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Book Review: Crucial Accountability – by Kerry Patterson, Joseph Grenny, Ron Mcmillan, Al Switzler and David Maxfield

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Crucial Accountability: Tools for Resolving Violated Expectations, Broken Commitments, and Bad Behavior, Second Edition by Kerry Patterson, Joseph Grenny, Ron Mcmillan, Al Switzler and David Maxfield is an important book on how to define and establish accountability in a whole host of settings which focus on the workplace. Nonetheless, many of the strategies contained in the book apply at home, too. In fact, the authors point out that broken promises cause many divorces.

The authors explain practical ways to hold people accountable. For instance, productivity should be benchmarked with milestones. Generally speaking, the top employees have the knowledge of the inner workings of an organization to hold others accountable. In brief, workers need to be aware of the gist of infractions, patterns of non-performance and the differential impact on the relationship quality with peers and management.

Employees charged with supervisory responsibilities must be flexible. Notes on chronic problem areas should be kept so that each issue can be dealt with methodically. New issues should be introduced when others have been reviewed thoroughly. There should be a plan for corrective action and followup. Lastly, gaps between expectations and observations of critical incidents should be set forth so that measurable goals can be identified and worked on in a logical sequence.

The authors discourage the raw use of power as a motivating factor. In fact, too much force can cause relationships to deteriorate. Instead, people in charge should explore the natural consequences of non-performance with appropriate links to the existing value systems set forth in the organization or work group. The best managers usually explore varied solution sets and articulate potential roadblocks while discussing gaps in accountability and delays in meeting commitments.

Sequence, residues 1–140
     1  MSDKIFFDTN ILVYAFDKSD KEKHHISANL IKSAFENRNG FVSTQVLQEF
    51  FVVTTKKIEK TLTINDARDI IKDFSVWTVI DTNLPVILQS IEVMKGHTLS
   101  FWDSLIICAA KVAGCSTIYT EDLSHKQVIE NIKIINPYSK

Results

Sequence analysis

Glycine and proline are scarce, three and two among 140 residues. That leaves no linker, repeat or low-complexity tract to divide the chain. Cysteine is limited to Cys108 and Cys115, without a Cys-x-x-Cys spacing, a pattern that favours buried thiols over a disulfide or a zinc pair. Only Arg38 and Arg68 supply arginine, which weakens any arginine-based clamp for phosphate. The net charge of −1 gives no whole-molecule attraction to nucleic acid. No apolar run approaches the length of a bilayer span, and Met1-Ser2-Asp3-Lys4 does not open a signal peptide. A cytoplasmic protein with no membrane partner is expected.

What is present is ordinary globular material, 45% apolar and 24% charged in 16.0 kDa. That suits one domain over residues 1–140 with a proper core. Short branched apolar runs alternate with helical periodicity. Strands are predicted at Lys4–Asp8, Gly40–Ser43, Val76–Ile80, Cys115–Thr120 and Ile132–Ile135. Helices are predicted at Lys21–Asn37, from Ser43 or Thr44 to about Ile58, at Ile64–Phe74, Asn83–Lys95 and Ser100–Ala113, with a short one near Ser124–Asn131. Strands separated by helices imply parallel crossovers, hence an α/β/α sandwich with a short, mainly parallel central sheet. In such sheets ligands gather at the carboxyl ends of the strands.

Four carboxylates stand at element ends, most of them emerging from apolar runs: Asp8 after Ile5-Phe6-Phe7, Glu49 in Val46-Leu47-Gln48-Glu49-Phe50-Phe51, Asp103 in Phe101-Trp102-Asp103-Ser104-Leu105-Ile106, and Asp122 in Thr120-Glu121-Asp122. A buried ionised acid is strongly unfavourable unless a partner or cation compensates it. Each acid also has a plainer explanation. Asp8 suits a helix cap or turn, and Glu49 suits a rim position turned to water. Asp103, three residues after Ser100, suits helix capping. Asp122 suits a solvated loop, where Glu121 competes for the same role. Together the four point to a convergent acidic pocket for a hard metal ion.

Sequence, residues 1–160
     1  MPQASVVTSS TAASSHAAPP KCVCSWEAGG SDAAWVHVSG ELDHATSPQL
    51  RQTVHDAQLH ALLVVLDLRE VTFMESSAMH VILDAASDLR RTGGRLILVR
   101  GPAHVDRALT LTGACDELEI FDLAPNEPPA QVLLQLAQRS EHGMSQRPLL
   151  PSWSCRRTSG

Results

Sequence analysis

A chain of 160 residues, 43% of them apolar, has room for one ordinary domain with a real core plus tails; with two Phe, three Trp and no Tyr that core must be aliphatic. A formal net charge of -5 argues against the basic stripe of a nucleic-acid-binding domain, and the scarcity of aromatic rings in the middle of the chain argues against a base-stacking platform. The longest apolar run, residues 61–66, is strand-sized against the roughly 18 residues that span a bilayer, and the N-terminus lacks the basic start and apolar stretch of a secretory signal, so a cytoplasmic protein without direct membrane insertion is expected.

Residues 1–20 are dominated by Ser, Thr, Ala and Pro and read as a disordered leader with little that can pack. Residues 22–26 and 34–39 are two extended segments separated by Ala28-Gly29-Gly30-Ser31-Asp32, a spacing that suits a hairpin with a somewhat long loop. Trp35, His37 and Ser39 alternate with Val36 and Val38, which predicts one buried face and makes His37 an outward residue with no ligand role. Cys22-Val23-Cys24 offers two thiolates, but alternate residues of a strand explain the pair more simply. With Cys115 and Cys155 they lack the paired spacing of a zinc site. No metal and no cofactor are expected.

Crucial Accountability is an important resource for professionals throughout an organization. The presentation is well written and easy to understand. The advice is practical and doable.

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About Dr Joseph S Maresca

I've taught approx. 34 sections of collegiate courses including computer applications, college algebra, collegiate statistics, law, accounting, finance and economics. The experience includes service as a Board Director on the CPA Journal and Editor of the CPA Candidates Inc. Newsletter. In college, I worked as a statistics lab assistant. Manhattan College awarded a BS in an allied area of operations research. The program included courses in calculus, ordinary differential equations, probability, statistical inference, linear algebra , the more advanced operations research, price analysis and econometrics. Membership in the Delta Mu Delta National Honor Society was granted together with the degree. My experience includes both private account and industry. In addition, I've worked extensively in the Examinations Division of the AICPA from time to time. Recently, I passed the Engineering in Training Exam which consisted of 9 hours of examination in chemistry, physics, calculus, differential equations, linear algebra, probability/ statistics, fluids, electronics, materials science/structure of matter, mechanics, statics, thermodynamics, computer science, dynamics and a host of minor subject areas like engineering economics. A very small percentage of engineers actually take and pass the EIT exam. The number has hovered at circa 5%. Several decades ago, I passed the CPA examination and obtained another license in Computer Information Systems Auditing. A CISA must have knowledge in the areas of data center review, systems applications, the operating system of the computer, disaster recovery, contingency planning, developmental systems, the standards which govern facility reviews and a host of other areas. An MBA in Accounting with an Advanced Professional Certificate in Computer Applications/ Information Systems , an Advanced Professional Certificate in Finance and an Advanced Professional Certificate in Organizational Design were earned at New York University-Graduate School of Business (Stern ). In December of 2005, an earned PhD in Accounting was granted by the Ross College. The program entrance requires a previous Masters Degree for admittance together with a host of other criteria. The REGISTRAR of Ross College contact is: Tel . US 202-318-4454 FAX [records for Dr. Joseph S. Maresca Box 646 Bronxville NY 10708-3602] The clinical experience included the teaching of approximately 34 sections of college accounting, economics, statistics, college algebra, law, thesis project coursework and the professional grading of approx. 50,000 CPA examination essays with the American Institute of Certified Public Accountants. Additionally, membership is held in the Sigma Beta Delta International Honor Society chartered in 1994. Significant writings include over 10 copyrights in the name of the author (Joseph S. Maresca) and a patent in the earthquake sciences.